7 September 1948: The Taoiseach John A Costello announced in Ottawa, Canada that the Irish Free State would leave the Commonwealth by repealing the 1936 External Relations Act and declaring Ireland a Republic. This shock announcement at a Commonwealth Conference was greeted at home with some puzzlement, as he had given no indication before his departure that such an action was contemplated.
Rumour circulated that Costello had been piqued when at a Dinner hosted by Earl Alexander, the Governor General of Canada and a dyed in the wool Ulster Unionist, the Taoiseach had looked down the barrels of table top sized miniatures of the guns that had held Derry in 1689! Specifically a miniature replica of the famous ‘Roaring Meg’ cannon [above].Chagrined at this insult he had called hastily arraigned press conference and announced his momentous decision.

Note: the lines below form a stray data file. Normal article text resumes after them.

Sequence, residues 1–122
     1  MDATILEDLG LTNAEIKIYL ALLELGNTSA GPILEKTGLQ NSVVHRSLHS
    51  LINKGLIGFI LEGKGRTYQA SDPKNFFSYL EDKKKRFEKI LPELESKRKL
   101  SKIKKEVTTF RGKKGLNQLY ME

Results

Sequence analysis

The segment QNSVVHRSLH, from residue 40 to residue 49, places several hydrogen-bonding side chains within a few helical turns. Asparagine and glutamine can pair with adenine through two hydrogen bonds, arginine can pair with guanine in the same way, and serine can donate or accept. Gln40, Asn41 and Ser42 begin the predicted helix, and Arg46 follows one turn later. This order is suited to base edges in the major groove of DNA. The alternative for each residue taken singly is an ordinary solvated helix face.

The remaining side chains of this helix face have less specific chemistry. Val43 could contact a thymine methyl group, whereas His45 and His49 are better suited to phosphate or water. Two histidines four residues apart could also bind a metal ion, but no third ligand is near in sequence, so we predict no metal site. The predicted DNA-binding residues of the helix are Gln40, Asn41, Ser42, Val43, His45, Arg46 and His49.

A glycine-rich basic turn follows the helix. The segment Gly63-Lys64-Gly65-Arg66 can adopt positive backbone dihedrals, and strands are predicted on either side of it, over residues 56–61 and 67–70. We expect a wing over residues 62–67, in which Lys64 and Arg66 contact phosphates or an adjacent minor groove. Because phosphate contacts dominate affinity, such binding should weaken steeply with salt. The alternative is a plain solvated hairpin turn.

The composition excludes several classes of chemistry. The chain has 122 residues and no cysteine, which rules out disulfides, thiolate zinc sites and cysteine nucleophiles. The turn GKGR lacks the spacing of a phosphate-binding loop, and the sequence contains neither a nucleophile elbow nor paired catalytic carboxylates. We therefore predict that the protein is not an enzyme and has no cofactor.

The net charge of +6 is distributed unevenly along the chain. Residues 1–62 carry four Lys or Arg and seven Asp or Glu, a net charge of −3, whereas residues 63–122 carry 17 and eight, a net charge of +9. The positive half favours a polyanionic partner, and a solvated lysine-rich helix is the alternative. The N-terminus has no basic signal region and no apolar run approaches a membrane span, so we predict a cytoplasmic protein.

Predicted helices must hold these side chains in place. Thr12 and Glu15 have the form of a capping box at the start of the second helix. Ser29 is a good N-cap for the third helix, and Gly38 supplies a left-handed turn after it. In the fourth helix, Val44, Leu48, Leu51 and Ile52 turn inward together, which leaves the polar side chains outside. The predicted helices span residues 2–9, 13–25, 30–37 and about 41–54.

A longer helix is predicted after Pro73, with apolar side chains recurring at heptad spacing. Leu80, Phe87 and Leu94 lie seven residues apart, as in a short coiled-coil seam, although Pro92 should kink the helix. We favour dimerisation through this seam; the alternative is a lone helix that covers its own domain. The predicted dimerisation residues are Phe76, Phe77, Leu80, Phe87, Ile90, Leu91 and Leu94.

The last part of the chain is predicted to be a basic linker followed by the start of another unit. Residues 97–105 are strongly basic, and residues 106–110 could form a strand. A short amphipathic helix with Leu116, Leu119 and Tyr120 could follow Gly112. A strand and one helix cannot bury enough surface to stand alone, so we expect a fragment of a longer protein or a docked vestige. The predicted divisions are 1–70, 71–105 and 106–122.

Whatever the truth of the matter (and Costello denied this tale) when he returned home he brought forward a Bill that he claimed:
Was not conceived nor is it brought into this House in a mood of flamboyant patriotism or aggressive nationalism, nor in a spirit of irresponsible isolationism…
The Bill was passed and the Republic of Ireland came into being on 1 January 1949 with the State leaving the British Commonwealth as a result.